Walter Sickert is hardly a household name. No particular work of art or distinctive style is readily associated with him. Yet the quality and variety of his paintings, some of which are currently on display at Tate Britain, mark him out as an outstanding British portraitist and landscape artist, and an influential figure of the turn of the 20th Century.
Born in Munich in 1860, Sickert and his family left Prussia in 1868 and eventually found their way to London. His father was a painter and draughtsman, but struggled to make a living from it. However, his son learned a lot from him and from other artists that he came to know.
He enrolled at the Slade school of art, but doesn’t appear to have enjoyed his time studying there – perhaps the teaching style was too rigid. He became a dogsbody for the American artist James Whistler, who had a studio in Chelsea, and adopted many of Whistler’s techniques. They would roam the river front together, sketching street scenes.
Sickert had an enduring fascination with popular culture. He acted on the London stage and toured, and his paintings of musical halls caught the public imagination. Sickert was interested in the atmospherics and how to capture them through the use of perspective, reflected light and shade. He gives us the buzz and excitement as the audience settles itself, and then that pinpoint silence just before the performer begins. He gives us a view from the pit, or from a seat up in the gallery. He has us look around at the audience we are a part of. His picture of Little Dot Hetherington at the Bedford Musical Hall (1888-89, main picture) is reproduced on all the Tate exhibition’s promotional material, but to fully appreciate Sickert’s technical abilities the actual painting really has to be seen. The colours are sumptuous.
But the paintings didn’t sell. Some critics complained of the paintwork and “despaired at the sheer unmitigated ugliness of the predominantly urban subject matter”. Despite being supported by his first wife, Ellen Cobden, Sickert was always teetering on the brink of financial misfortune. He had to find other themes to work with. He took up painting portraits, but struggled to gain commissions. Landscapes of Dieppe and Venice were more profitable.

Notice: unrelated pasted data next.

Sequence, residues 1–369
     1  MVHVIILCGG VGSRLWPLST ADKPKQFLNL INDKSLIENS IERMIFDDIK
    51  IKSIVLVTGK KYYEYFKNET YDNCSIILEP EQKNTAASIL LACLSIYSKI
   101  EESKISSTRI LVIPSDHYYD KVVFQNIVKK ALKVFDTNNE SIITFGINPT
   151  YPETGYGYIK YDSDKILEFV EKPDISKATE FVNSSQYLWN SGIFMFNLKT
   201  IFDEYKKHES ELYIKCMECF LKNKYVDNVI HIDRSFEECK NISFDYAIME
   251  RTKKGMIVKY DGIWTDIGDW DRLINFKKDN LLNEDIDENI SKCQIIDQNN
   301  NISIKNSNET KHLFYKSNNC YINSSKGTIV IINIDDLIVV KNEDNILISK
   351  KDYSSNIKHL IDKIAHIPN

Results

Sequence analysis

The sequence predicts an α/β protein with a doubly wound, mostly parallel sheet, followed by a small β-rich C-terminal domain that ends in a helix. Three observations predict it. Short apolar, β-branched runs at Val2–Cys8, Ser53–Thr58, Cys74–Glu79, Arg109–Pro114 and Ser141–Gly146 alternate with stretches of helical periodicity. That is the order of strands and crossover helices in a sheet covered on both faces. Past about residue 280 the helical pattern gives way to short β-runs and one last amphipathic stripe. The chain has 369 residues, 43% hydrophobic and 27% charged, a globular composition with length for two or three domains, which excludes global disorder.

But Sickert was restless. He was a maverick. “There was a sort of irresistible, if slightly manic, energy about him,” writes Matthew Sturgis in his magisterial biography. “Excitement, drama, self-dramatisation, not untinged with self-mockery.” He wanted to paint real people doing real things, not models. And so we come to the nudes.
Sickert painted his nudes in the early 1900s and sought to present the female body in a realistic manner, fleshy and colourful. He placed his models among the rumpled bedsheets of iron bedsteads in dingy interiors. In time, he ramped up the emotional tension by introducing a second figure into the composition, a clothed man. The intended narrative seems clear: the power dynamic between the two sharply exposed.
The press was scandalised. But Sickert wasn’t finished there. In 1907, returning to his lodgings in Mornington Crescent from a trip abroad, he heard about the brutal murder of a young prostitute, Emily Dimmock, in her rooms in Camden Town. Sickert appropriated the title of the Camden Town Murder for four of his two-figure bedroom compositions, even though none of the pictures represented the facts of the case as known and three had already been shown with different titles. This gave the viewer different options in terms of interpreting the relationship between the figures. It is still unsettling to view today.
Towards the end of his life, which ended in 1942, Sickert sought inspiration from black and white photographs and press cuttings of historic events, such as Amelia Earhart’s solo flight across the Atlantic in May 1932. In this depiction of her arrival at Hanworth, almost abstract in its execution, we peer through the gloom and drizzle, past the upheld umbrellas and bobbing heads to catch a glimpse of the fearless aviator.
It’s a snapshot, fleeting but exciting. Indeed, throughout his career it was such heightened moments that Sickert expressed so well: the disassociation between man and wife “trapped” in their living room in Ennui; the trapeze artist as she teeters on her stand, arm outstretched to grab her bar; the miner kissing his wife after returning from a stay-down strike in the pit (their shared sense of relief is palpable). Sickert wants us to create our own stories from those tantalising impressions of life he so skilfully sets down on canvas. Do go and find yours.
The Walter Sickert exhibition is now on at Tate Britain and will close on 18 September. Little Dot Hetherington at the Bedford Musical Hall is from a private collection. Photograph by James Man.
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